Mr. Holguin was convicted of one count of a narcotics conspiracy, one count of a RICO enterprise, one count of a CCE, two counts of interstate travel facilitation, and nineteen counts of telephone facilitation. His initial challenge is that the guilty verdicts on all of these crimes, except for the CCE count, were based solely on the Rudy and Whipple tapes. Because he contends that the admission of the tapes violated his constitutional rights, he submits that these verdicts also should be reversed. As already noted, however, the government's voice identification evidence properly was admitted. Moreover, Mr. Holguin does not contend, for the most part, that, even if the tapes were properly admitted, the evidence was insufficient to support the jury's verdict. Concerning the telephone facilitation counts, Mr. Holguin does contend that "even if for the sake of argument we agree that Holguin was the voice on the transcripts--there was no evidence at the trial that Holguin was ever in possession of a narcotic substance with the intent to distribute or deliver, nor was there any evidence of a delivery of narcotics by Holguin." Holguin's Br. at 90. Mr. Holguin relies on a United States District Court for the District of Delaware decision for his support. See United States v. Leslie, 411 F. Supp. 215 (D. Del. 1976). In Leslie, the district court held that the defendant could not be convicted for telephone facilitation crimes under 21 U.S.C. § 843(b) unless the government proves an actual distribution of narcotics. Here, Mr. Holguin was not charged with actual distribution of narcotics in violation of 21 U.S.C. § 841. However, the actual distribution of narcotics need not be perpetrated by the defendant charged with the crime of telephone facilitation. As the Fifth Circuit aptly summarized the crime of telephone facilitation under 21 U.S.C. § 843(b):
In order to prove a violation of 21 U.S.C.A. Sec. 843(b), the Government must establish that the defendant knowingly and intentionally used a communications facility, e.g., a telephone, to facilitate the commission of a narcotics offense. In order to establish the facilitation element, the Government must show that the telephone call comes within the common meaning of facilitate--"to make easier" or less difficult, or to assist or aid. It is sufficient if a defendant's use of a telephone to facilitate the possession or distribution of controlled substances facilitates either his own or another person's possession or distribution.
United States v. Phillips, 664 F.2d 971, 1032 (5th Cir. Unit B 1981) (emphasis supplied), cert. denied, 457 U.S. 1136, 102 S. Ct. 2965, 73 L. Ed. 2d 1354 (1982); see United States v. Watson, 594 F.2d 1330, 1342 n. 14 (10th Cir.) (defendant could be charged with telephone facilitation if underlying distribution was by either himself or third party), cert. denied, 444 U.S. 840, 100 S. Ct. 78, 62 L. Ed. 2d 51 (1979). Accordingly, there is no merit to Mr. Holguin's contention on this issue. For the reasons set forth previously, we find that the evidence was sufficient to support the jury verdict.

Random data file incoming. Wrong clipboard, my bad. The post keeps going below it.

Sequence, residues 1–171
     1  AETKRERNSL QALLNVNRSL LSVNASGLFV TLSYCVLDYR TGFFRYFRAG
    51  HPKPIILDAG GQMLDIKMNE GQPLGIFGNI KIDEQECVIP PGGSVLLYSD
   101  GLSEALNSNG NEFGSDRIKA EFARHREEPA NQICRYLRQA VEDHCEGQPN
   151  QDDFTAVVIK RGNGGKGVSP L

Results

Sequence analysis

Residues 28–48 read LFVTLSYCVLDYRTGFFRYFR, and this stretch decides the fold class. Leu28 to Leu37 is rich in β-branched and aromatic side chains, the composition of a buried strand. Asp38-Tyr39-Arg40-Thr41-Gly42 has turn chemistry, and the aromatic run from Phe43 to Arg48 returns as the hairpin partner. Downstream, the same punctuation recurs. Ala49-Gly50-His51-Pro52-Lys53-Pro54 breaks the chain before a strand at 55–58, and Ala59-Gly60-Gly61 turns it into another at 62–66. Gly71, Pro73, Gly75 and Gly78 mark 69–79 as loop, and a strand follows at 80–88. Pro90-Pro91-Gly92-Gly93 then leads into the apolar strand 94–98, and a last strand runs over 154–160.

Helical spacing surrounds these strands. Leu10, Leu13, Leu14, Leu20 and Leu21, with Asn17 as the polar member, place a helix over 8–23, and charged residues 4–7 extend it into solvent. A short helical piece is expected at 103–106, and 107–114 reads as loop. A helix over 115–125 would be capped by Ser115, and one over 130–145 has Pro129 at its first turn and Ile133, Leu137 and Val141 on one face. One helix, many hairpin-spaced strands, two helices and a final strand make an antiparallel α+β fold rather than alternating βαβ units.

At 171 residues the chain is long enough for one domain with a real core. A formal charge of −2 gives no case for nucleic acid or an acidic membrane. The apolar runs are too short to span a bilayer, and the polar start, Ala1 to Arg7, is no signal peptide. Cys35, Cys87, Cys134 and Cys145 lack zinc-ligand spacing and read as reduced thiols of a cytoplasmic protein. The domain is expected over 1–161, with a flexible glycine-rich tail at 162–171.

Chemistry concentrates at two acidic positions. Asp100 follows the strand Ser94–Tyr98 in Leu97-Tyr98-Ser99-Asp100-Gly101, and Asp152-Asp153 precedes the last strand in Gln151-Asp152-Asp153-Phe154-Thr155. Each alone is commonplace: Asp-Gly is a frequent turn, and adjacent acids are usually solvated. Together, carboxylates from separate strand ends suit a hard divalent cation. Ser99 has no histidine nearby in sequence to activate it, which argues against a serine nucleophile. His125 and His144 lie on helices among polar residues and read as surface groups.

Mr. Holguin's next contention is that " [n]one of the conversations on [sic] which Defendant Holguin was the alleged speaker mentioned any narcotics." Holguin's Br. at 88. We initially note with respect to the appellants collectively, including Mr. Holguin, that the government presented testimony at trial from DEA Agent Ralph Arroyo, an experienced undercover detective. Agent Arroyo testified that narcotics conspirators use code words as a matter of course in transacting their illicit business. For example, the words "girl, white, shirt--those are about the most common ones that are used [to mean cocaine]." Tr. vol. 24 at 4343. Agent Arroyo then went on to testify that " [y]ou can tell [that a word is a drug reference] by putting the word that they are talking about into the context of the whole telephone call conversation." Id. As he further testified:
[I]f it is a person with a business, let's just say a grocery store owner, if I was talking to him on the telephone and I wanted to order some cocaine, he might say, "Do you want to buy one onion," referring to onion being white and that being cocaine.
If I wanted to buy some, let's say, heroin, he would say, "Do you want to buy one avocado," being dark, being the heroin.
Id. at 4351-52. Thus, where an Italian-cuisine restaurateur was conducting a narcotics transaction on the telephone with one of the appellants, the restaurateur testified that his use of the words "food" and "spaghetti" were code words for cocaine. Tr. vol. 27 at 5003 (testimony of Sebastiano Ganci).
Concerning evidence offered directly against Mr. Holguin, the government introduced a transcript of a conversation between Mr. Holguin and Rudy in which Mr. Holguin informed Rudy that " [t]oday I couldn't get but two boxes of filters, you know?" Tr. vol. 13 at 2317; Appellee's Ex. Whipple 5.10 The government contends that the reasonable inference of the code words "boxes" and "filters" is cocaine. Support for the government's position is found in the same conversation. For instance, Mr. Holguin told Rudy that a future shipment of "boxes" will cost "around eight and a half." Id. At trial, Agent Arroyo testified that if the price of cocaine was $38,000, the seller "could either say to me, 'It's 38.' He could say to me, 'It's 800.' He could say to me, 'It's 8,' and I would understand that that one kilo is going to cost me $38,000." Tr. vol. 24 at 4354.